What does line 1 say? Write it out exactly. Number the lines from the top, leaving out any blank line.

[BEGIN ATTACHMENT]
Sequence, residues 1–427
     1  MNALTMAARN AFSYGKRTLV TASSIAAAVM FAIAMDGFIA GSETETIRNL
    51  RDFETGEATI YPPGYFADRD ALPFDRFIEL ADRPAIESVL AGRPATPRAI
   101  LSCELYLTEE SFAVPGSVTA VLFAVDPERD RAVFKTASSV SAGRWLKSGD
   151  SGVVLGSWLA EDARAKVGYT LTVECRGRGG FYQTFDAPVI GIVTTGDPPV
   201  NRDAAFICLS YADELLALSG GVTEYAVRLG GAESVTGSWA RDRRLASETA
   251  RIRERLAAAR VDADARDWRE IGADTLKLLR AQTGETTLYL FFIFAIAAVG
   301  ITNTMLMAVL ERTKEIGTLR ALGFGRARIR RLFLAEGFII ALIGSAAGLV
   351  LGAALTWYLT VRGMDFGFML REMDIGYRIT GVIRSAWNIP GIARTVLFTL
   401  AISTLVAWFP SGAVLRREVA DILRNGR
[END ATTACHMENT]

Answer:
Sequence, residues 1–427